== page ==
a camera tripod, if one is purchased at all, is for many photographers
a bit of an afterthought. Many hours will no doubt have been devoted to
researching every last little detail before the purchase of a camera,
with test reports on the Internet and in magazines read and re-read.
But a tripod? Well, they've all got three legs, which is the cheapest?
In reality there is much more to consider than
that when choosing a tripod. In
fact, the difference between a good tripod and a poor one can
potentially have a greater effect on the quality of your images than
the model of camera used. And choosing the right one is
not as easy as you might think.
outdoor photographers like me in particular, the important features of
a tripod all contradict each other. What we really need is a big,
small, heavy, light, short, tall, rigid, flexible tripod, which of
course doesn't exist! Whichever model we choose will, however much we
pay, be a compromise. The best we can hope for is to find a reasonable
compromise based on our own individual requirements.
When trying a
camera tripod in a shop extend all the legs fully. Note what type of
has and how effective they are.
locks are generally quicker to use but
screw locks tend to
protrude less (an issue when wanting ultimate compactness or working in
dense undergrowth where levers might be more prone to snagging) and are
more wear resistant. Levers can work loose over time whereas the best
screw mechanisms tend to self adjust for wear. Be wary of any mechanism
which seems to be either too loose (probably won't last long) or too
stiff (difficult to use, particularly with cold hands).
With the legs fully extended press firmly on the collar where they join
and note if any of the leg sections flex or buckle, then twist to check
for lateral rigidity. Legs usually come in either three or four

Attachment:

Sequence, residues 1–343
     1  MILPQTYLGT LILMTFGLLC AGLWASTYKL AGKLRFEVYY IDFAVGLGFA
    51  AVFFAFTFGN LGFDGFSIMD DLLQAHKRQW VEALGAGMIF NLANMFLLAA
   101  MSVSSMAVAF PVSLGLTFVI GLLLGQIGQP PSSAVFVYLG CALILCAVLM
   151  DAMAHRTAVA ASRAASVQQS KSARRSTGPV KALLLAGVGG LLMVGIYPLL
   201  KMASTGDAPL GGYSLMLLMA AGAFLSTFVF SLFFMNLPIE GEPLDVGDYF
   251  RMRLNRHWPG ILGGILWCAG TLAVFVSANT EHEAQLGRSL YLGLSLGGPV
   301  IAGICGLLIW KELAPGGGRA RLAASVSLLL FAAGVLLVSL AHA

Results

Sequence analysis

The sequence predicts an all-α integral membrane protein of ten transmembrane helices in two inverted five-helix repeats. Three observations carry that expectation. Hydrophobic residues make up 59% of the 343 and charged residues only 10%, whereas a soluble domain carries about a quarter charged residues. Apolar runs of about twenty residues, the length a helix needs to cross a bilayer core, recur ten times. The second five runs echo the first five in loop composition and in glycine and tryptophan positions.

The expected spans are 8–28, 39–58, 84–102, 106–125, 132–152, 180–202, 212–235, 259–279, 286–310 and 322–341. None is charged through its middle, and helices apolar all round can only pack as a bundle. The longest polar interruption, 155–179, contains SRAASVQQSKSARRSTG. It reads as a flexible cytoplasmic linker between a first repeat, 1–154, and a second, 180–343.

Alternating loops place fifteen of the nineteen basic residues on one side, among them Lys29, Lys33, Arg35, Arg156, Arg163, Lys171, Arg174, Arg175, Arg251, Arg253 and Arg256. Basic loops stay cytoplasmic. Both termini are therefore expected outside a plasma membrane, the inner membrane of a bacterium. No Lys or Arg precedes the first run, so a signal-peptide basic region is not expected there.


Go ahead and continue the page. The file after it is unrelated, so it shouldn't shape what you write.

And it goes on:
sections; the former tend to offer greater stability but the later are
Inspect the rubber feet; they should appear durable and hard-wearing,
thick enough to allow for wear over a period of time and rigid enough
not to induce any wobble of their own but not so hard and smooth that
they will be likely to slip on rocks.
Note how high
the camera tripod is without extending the centre column; this
is always the most stable way to use a tripod and a decent working
height is useful. Also check the minimum working height,
if you like to take low-angled landscapes or are a macro photographer.
Check how stability is affected when the centre column is extended;
does it lock securely and is there any wobble or vibration?
Consider whether the tripod will be versatile enough for your style of
photography and to use on the type of terrain you frequent. On rough
ground legs that adjust independently to multiple angles are a huge
benefit and for nature photographers in particular a centre column that
can be moved in the horizontal axis is a real boon.
are buying the head separate or it comes with the tripod make sure it
is sturdy enough to match the legs.
flimsy head with play in it when fully tightened or which will not
lock firmly with the weight of the camera is a weak link which will
undermine the whole system, no matter how sturdy the legs are. Look for
one which won't twist by hand in any plane when fully locked.
Regardless of which type, ball and socket, pan and tilt etc., all the
movements should be smooth, well dampened and lock firmly with no
“creep” as you finally tighten the knob or lever.
my opinion the selection of a camera tripod requires as much care, if
more, than the choice of a camera. It certainly shouldn't just be an
afterthought along the lines of, “Oh, any one will do, the cheaper the
better!” Buy right first time and you may never have to buy again.
Until, of course, your priorities change!